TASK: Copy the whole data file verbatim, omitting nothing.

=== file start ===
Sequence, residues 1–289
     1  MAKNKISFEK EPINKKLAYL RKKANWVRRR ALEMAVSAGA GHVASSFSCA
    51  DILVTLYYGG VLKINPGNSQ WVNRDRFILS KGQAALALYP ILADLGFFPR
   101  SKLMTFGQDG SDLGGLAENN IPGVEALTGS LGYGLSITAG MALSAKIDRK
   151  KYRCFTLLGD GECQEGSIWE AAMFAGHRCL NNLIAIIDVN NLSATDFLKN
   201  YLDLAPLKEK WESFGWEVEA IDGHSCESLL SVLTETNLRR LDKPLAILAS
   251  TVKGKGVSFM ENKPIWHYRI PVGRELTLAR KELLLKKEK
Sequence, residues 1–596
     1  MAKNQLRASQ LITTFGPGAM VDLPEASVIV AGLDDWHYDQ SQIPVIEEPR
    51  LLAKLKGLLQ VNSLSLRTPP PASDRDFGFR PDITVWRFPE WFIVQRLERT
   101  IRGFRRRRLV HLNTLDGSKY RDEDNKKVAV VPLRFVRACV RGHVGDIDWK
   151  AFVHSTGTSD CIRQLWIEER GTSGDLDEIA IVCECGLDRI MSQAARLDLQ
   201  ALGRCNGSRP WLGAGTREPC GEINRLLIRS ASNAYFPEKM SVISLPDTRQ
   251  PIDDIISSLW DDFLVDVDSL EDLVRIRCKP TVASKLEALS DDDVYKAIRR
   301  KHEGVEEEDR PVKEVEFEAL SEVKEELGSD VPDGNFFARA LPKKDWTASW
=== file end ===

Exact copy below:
Sequence, residues 1–289
     1  MAKNKISFEK EPINKKLAYL RKKANWVRRR ALEMAVSAGA GHVASSFSCA
    51  DILVTLYYGG VLKINPGNSQ WVNRDRFILS KGQAALALYP ILADLGFFPR
   101  SKLMTFGQDG SDLGGLAENN IPGVEALTGS LGYGLSITAG MALSAKIDRK
   151  KYRCFTLLGD GECQEGSIWE AAMFAGHRCL NNLIAIIDVN NLSATDFLKN
   201  YLDLAPLKEK WESFGWEVEA IDGHSCESLL SVLTETNLRR LDKPLAILAS
   251  TVKGKGVSFM ENKPIWHYRI PVGRELTLAR KELLLKKEK
Sequence, residues 1–596
     1  MAKNQLRASQ LITTFGPGAM VDLPEASVIV AGLDDWHYDQ SQIPVIEEPR
    51  LLAKLKGLLQ VNSLSLRTPP PASDRDFGFR PDITVWRFPE WFIVQRLERT
   101  IRGFRRRRLV HLNTLDGSKY RDEDNKKVAV VPLRFVRACV RGHVGDIDWK
   151  AFVHSTGTSD CIRQLWIEER GTSGDLDEIA IVCECGLDRI MSQAARLDLQ
   201  ALGRCNGSRP WLGAGTREPC GEINRLLIRS ASNAYFPEKM SVISLPDTRQ
   251  PIDDIISSLW DDFLVDVDSL EDLVRIRCKP TVASKLEALS DDDVYKAIRR
   301  KHEGVEEEDR PVKEVEFEAL SEVKEELGSD VPDGNFFARA LPKKDWTASW